“I have always made it a rule to consult the existing officers of the church before recommending the election of new deacons or elders, and I have also been on the look-out for those who have proved their fitness for office by the work they have accomplished in their private capacity. In our case, the election of deacons is a permanent one, but the elders are chosen year by year. This plan has worked admirably with us, but other churches have adopted different methods of appointing their officers. In my opinion, the very worst mode of selection is to print the names of all the male members, and then vote for a certain number by ballot. I know of one case in which a very old man was within two or three votes of being elected simply because his name began with A, and therefore was put at the top of the list of candidates.

My elders have been a great blessing to me; they are invaluable in looking after the spiritual interests of the church. The deacons have charge of the finance; but if the elders meet with cases of poverty needing relief, we tell them to give some small sum, and then bring the case before the deacons. I was once the unseen witness of a little incident that greatly pleased me. I heard one of our elders say to a deacon, “I gave old Mrs. So-and-so ten shillings the other night.” “That was very generous on your part,” said the deacon. “Oh, but!” exclaimed the elder, “I want the money from the deacons.” So the deacon asked, “What office do you hold, brother?” “Oh!” he replied, “I see; I have gone beyond my duty as an elder, so I’ll pay the ten shillings myself; I should not like ‘the Governor’ to hear that I had overstepped the mark.” “No, no, my brother,” said the deacon; “I’ll give you the money, but don’t make such a mistake another time.” --C. H. Spurgeon’s Autobiography, Vol 3, Pages 22-38.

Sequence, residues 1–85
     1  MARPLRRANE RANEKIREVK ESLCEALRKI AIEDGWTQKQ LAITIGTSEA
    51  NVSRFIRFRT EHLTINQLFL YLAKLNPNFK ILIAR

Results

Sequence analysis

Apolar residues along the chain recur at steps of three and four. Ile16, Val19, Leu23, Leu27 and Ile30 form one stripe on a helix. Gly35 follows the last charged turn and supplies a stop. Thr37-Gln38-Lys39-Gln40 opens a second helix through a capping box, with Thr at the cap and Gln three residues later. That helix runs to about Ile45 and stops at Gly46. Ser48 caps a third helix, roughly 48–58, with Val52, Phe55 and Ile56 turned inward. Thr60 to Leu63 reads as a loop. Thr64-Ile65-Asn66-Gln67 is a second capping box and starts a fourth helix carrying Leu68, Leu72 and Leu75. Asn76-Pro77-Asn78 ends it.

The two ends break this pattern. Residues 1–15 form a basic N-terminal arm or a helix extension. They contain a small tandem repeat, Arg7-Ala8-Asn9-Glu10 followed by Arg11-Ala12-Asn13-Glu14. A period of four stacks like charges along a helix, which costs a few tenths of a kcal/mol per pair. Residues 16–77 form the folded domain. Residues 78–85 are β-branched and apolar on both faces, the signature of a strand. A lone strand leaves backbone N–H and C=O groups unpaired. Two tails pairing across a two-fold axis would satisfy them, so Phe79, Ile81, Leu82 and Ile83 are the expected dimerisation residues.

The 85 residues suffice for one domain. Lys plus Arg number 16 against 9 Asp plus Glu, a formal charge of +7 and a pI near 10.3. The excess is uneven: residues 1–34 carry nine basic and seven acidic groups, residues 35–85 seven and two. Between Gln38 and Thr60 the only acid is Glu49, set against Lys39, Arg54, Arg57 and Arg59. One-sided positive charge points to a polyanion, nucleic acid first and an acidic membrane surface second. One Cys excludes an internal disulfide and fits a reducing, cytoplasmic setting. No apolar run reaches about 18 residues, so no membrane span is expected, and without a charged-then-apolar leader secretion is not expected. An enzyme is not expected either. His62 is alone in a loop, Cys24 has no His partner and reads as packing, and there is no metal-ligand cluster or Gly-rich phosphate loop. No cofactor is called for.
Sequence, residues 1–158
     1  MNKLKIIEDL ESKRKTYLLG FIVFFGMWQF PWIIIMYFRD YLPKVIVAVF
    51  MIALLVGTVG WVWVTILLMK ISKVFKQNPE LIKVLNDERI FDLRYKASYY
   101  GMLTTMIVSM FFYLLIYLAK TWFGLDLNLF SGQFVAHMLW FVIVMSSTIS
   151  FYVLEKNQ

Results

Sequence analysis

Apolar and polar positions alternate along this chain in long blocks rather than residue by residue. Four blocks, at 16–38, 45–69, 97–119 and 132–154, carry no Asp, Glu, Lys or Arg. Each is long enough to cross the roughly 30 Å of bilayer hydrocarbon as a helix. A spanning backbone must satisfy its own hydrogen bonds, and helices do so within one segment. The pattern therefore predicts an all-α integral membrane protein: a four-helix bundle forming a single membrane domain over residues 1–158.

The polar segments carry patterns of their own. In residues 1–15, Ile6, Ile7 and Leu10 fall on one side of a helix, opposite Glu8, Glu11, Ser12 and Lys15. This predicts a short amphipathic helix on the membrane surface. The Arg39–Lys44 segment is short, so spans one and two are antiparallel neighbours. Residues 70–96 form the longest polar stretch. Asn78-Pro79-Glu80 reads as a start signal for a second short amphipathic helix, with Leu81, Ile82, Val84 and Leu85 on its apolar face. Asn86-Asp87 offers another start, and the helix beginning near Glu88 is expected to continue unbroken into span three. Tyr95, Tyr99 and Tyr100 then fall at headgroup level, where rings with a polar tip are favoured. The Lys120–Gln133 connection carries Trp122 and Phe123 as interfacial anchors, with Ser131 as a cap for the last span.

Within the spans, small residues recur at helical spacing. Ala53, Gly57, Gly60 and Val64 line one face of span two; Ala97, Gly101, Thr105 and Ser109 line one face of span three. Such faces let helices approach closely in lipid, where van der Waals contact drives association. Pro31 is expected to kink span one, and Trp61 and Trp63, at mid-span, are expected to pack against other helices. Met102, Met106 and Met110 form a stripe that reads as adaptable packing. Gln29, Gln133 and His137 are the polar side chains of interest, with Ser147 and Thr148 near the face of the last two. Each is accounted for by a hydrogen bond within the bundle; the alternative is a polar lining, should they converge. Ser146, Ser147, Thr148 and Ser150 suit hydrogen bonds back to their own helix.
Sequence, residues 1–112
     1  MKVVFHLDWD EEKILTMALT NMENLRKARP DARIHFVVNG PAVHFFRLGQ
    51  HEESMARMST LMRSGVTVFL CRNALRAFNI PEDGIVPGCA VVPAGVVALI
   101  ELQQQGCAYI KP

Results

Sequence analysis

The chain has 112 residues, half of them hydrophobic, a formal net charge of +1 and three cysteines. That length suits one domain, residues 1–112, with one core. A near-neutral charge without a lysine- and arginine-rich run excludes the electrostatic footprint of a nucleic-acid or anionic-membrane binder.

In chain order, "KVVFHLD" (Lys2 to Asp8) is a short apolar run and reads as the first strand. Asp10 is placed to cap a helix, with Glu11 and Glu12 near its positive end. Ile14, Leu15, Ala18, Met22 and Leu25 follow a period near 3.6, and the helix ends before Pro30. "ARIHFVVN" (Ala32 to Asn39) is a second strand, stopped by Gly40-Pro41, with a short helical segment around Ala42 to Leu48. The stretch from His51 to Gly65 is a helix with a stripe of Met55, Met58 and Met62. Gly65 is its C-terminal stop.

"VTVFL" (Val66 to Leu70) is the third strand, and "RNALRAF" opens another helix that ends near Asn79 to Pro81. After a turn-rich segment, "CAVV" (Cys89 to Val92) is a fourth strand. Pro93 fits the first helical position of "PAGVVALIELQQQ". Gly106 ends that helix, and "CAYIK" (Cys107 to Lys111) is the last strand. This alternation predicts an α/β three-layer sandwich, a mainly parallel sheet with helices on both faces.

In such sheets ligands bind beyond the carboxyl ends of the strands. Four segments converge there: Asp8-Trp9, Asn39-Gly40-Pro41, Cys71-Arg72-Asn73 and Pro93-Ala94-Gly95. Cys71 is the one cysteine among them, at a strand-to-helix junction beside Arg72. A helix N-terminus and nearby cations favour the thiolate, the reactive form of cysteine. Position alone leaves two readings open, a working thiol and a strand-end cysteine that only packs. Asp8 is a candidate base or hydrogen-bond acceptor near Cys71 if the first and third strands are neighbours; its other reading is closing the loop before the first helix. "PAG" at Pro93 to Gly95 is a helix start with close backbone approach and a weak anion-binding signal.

“Behind the upper platform, there are three spacious rooms; in the centre, is the minister’s vestry; to the right and left, are the rooms of the deacons and elders,—the officers of the army on either side of the captain, so that they may be ready to go forward at the word of command.” -- C. H. Spurgeon’s Autobiography, Vol 2, Page 357.

It is clear from these two quotes that Spurgeon (1) affirmed a plurality of elders in the local church and (2) that he conceived of elders as being distinct from a pastor or minister. In other words, he denied the notion of a "parity" of elders. He did not view himself as one of the elders, but as holding an office distinct and superior to them. So the Met. Tab.'s form of government was very much Presbyterian (albeit without the "higher courts").


Puritanboard Commissioner
He did not view himself as one of the elders, but as holding an office distinct and superior to them. So the Met. Tab.'s form of government was very much Presbyterian (albeit without the "higher courts").

I think many Presbyterians would actually differ with this definition of Presbyterianism. I could be wrong, but I think that even three office men would say that TE's and RE's have parity (with regard to votes and authority on the session) but different functions with regard to the ministry of the Word. So there would be a distinction but not necessarily "superiority" despite the fact that non-Presbyterians typically view it otherwise.

With regard to saying "I am Presbyterian" or referring to others that way, I've seen some people, and most often older people, refer to someone (or a church) as being Presbyterian simply because of a plurality of elders and nothing else (i.e. without regard to the issue of infant baptism or a presbytery.) For example, I've seen "traditional" Baptists refer to independent Bible churches that have a plurality of elders as being "Presbyterian." I've seen John MacArthur called Presbyterian more than once.